The bell rings and I put my backpack on, tighten my shoelaces and shoot off. From school to my house it's one mile. One thousand seven hundred and sixty yards is not much but sometimes it can seem much longer. And today I’d like it to be over quickly because I have a rendezvous. With her. If she’s there. But the day is perfect, all the conditions are right for her to be there, I’m not really worried about it.
The first obstacle is the boulevard and its two pedestrian crossings. The traffic is heavy at this time of day, I can only hope the pedestrian lights will be at green. I can see the little red man in the distance but some cars are starting to brake. If I lengthen my stride, I can get there at just the right moment. Get across without even slowing down. Come on, come on! Sorry, people, let the lightning streak through! What perfect timing! Here I am at the other side with no problem at all. Easy peasy!
The next problem is Jimmy’s bakery. What a dilemma: either I lose a few precious minutes and enjoy a delicious chocolate bun or else I speed like the wind and put up with being hungry until dinner as Mom will tell me it’s too late to have a snack when I get home.
The problem is sorted when Jimmy, who is busy sweeping his doorstep, calls out to tell me that the blueberry cake is just about to come out of the oven.
In any case, is it reasonable for a growing child to travel such a distance on an empty stomach? That’s a question worth considering.
The cake has revived me, but now I can’t waste a minute more. So I absolutely must go under the railway bridge, with all the risks that that involves. There’s nothing dangerous about the place itself, no, it’s just that it’s frequented by boys I prefer to avoid. I cross my fingers and hope they won’t be there. Bad weather was forecasted, they might have stayed at home.
As I approach the tunnel, a laugh from Carter, the leader of the gang, echoes around the stone arches and demolishes all my hopes. Chris Carter, three years older and twenty-two pounds heavier than me, is an archetypal rough lout but, as my Dad says, the lights are on but nobody’s home, which means you can fool him easily.
I ruffle my hair up, untidy my clothes a bit and open my bag to make myself look scruffy. I dash into the tunnel, out of breath. When I catch sight of them, I widen my eyes in fear (a moving memory of my drama lessons with Mr Dunbar), they expect nothing less of me.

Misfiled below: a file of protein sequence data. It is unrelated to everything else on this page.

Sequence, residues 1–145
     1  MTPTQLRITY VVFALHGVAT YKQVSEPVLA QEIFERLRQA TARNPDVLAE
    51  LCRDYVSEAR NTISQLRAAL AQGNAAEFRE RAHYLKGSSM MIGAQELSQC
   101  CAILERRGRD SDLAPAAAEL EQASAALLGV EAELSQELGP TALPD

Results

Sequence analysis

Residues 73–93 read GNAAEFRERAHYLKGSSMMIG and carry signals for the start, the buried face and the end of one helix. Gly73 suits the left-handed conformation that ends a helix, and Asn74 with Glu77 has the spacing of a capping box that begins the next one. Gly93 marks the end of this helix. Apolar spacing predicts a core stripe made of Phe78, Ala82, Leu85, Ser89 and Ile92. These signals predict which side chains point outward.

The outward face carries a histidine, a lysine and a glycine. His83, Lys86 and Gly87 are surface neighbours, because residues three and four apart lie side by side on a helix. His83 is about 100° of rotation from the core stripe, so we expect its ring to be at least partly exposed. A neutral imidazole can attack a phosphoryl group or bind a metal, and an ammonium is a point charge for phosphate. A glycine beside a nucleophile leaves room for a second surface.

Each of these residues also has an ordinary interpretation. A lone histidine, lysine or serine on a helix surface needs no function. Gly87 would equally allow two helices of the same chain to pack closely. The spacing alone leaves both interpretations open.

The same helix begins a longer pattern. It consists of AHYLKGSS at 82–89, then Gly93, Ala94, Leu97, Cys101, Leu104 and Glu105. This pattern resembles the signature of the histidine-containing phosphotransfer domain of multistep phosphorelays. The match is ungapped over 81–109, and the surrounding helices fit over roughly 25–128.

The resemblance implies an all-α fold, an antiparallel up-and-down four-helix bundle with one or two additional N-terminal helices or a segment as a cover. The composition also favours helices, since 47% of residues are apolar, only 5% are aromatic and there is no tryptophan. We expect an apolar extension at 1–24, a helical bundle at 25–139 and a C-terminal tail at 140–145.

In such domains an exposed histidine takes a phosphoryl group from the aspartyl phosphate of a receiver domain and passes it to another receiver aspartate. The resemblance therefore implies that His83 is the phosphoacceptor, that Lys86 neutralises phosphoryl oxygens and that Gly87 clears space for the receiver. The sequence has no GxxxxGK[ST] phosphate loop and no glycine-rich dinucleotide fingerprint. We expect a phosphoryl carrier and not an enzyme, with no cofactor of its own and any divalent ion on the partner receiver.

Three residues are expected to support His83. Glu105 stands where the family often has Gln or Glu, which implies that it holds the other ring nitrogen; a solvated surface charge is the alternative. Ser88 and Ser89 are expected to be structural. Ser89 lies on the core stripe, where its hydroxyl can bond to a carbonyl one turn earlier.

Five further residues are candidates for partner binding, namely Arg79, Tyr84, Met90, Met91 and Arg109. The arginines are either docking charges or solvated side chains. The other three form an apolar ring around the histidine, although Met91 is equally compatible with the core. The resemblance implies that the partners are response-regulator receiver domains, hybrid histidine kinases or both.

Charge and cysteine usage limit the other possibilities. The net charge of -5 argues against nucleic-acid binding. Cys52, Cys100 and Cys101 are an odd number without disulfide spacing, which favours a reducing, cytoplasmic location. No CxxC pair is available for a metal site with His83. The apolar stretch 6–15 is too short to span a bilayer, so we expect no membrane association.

“Hey, look at that, it’s our little rabbit, isn’t it?”
Carter calls me that because I often run all the way home. I don’t think he realizes that giving me that name doesn’t really frighten me.
“What’s the matter with you, bunny rabbit? Have you met a hunter?”
Carter and his two accomplices burst out laughing noisily, in a rather forced way. I wait for them to calm down before I reply, in a tear-filled voice (Mr Dunbar would be proud of me), “It’s Gibson’s gang, they’re annoying me...”
That’s all it takes for Chris to blow his fuse.
“What?! When? Where?”
“There, just on the street corner, they tried...”
Before I finish the sentence the way is clear. They have scarpered like... rabbits! I will no doubt pay for this lie sooner or later but right now, there’s no other way out.
A glance at my watch, I have five minutes. I’m nearly at my street now. If I don’t meet one of my neighbors walking their dog, I’ll be on time. Just a hundred yards to go but the pavement is slippery, I slow down a bit.
Annette is coming out of her house with Daisy on a lead. She’s a right laugh, Annette. I really like talking to her. She always tells the same stories but I don’t mind because they’re funny. The little dog barks as I go past but Annette, still busy trying to find her lock, doesn’t see me. I slip behind the parked cars and promise myself to take the old lady to the park on Sunday.
I see her at last. She is so punctual, so predictable. As she does every day at the same time, she goes to the baker's to get a loaf (not too well-baked otherwise the baker will get it in the neck and the salesgirl and the customers too). I am sure she will make a few unkind remarks to Annette, who, fortunately, will not hear the half of them. And she will go on spreading her nastiness all along her route.
But not today. Because today, she and I have a rendezvous. Today I am going to avenge Annette, the baker and all the people who live round here and have to suffer her continual malice. Today it has rained all day long and, as I expected, a gigantic puddle has formed between Prospect Street and Cambridge Street.
She proceeds along the pavement, she’ll reach it soon and, Oh Joy! she hasn’t got her umbrella with her. I put my bag down and as I do that, I see my shoes. Damn! My new trainers, I had totally forgotten! I don’t really have time to go and put my boots on. Never mind. When Mom hears about the noble cause I sacrificed my trainers for, she won’t be angry (well, she will, but heroes can’t always be wondering if their mothers would approve of their actions, or they would never do anything).
I get in position, ready for the best take-off I can do. I wait for her to be just next to the place where the stagnant water is at its deepest and I take off like a rocket. I run like I have never run in my life. I spring up and jump really high. As I’m in the air, I catch sight of her looking from the puddle to me and back again. And the expression on her face when she finally realizes what’s going to happen, it’s really worth a telling-off from Mom and a new pair of trainers.
Translated by Wendy Cross